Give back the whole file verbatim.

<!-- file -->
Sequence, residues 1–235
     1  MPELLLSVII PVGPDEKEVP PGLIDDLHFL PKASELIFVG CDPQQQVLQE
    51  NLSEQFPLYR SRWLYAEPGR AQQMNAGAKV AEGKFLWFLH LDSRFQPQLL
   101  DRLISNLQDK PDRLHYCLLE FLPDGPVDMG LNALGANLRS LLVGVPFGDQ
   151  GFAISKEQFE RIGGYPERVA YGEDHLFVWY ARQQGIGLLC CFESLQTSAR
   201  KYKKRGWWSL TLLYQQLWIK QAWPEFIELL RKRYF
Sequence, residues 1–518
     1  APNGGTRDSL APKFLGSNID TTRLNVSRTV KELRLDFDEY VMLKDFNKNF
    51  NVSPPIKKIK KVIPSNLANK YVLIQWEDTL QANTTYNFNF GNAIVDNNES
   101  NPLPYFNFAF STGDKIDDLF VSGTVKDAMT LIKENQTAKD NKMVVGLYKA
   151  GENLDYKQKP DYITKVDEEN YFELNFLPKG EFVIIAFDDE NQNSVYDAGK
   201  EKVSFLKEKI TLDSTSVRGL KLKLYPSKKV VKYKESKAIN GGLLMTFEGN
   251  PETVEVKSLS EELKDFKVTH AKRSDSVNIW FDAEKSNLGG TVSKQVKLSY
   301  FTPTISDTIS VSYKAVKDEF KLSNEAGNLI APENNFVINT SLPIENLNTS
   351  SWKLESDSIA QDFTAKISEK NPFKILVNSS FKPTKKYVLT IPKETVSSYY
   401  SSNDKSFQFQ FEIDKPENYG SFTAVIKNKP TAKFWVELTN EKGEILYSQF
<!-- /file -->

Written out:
Sequence, residues 1–235
     1  MPELLLSVII PVGPDEKEVP PGLIDDLHFL PKASELIFVG CDPQQQVLQE
    51  NLSEQFPLYR SRWLYAEPGR AQQMNAGAKV AEGKFLWFLH LDSRFQPQLL
   101  DRLISNLQDK PDRLHYCLLE FLPDGPVDMG LNALGANLRS LLVGVPFGDQ
   151  GFAISKEQFE RIGGYPERVA YGEDHLFVWY ARQQGIGLLC CFESLQTSAR
   201  KYKKRGWWSL TLLYQQLWIK QAWPEFIELL RKRYF
Sequence, residues 1–518
     1  APNGGTRDSL APKFLGSNID TTRLNVSRTV KELRLDFDEY VMLKDFNKNF
    51  NVSPPIKKIK KVIPSNLANK YVLIQWEDTL QANTTYNFNF GNAIVDNNES
   101  NPLPYFNFAF STGDKIDDLF VSGTVKDAMT LIKENQTAKD NKMVVGLYKA
   151  GENLDYKQKP DYITKVDEEN YFELNFLPKG EFVIIAFDDE NQNSVYDAGK
   201  EKVSFLKEKI TLDSTSVRGL KLKLYPSKKV VKYKESKAIN GGLLMTFEGN
   251  PETVEVKSLS EELKDFKVTH AKRSDSVNIW FDAEKSNLGG TVSKQVKLSY
   301  FTPTISDTIS VSYKAVKDEF KLSNEAGNLI APENNFVINT SLPIENLNTS
   351  SWKLESDSIA QDFTAKISEK NPFKILVNSS FKPTKKYVLT IPKETVSSYY
   401  SSNDKSFQFQ FEIDKPENYG SFTAVIKNKP TAKFWVELTN EKGEILYSQF